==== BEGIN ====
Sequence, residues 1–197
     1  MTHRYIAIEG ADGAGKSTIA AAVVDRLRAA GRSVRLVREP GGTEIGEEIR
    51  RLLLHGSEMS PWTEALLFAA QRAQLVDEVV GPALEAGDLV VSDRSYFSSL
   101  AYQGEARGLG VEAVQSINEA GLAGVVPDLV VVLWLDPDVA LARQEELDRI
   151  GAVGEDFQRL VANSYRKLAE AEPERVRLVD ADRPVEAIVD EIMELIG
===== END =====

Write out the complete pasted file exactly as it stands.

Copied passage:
Sequence, residues 1–197
     1  MTHRYIAIEG ADGAGKSTIA AAVVDRLRAA GRSVRLVREP GGTEIGEEIR
    51  RLLLHGSEMS PWTEALLFAA QRAQLVDEVV GPALEAGDLV VSDRSYFSSL
   101  AYQGEARGLG VEAVQSINEA GLAGVVPDLV VVLWLDPDVA LARQEELDRI
   151  GAVGEDFQRL VANSYRKLAE AEPERVRLVD ADRPVEAIVD EIMELIG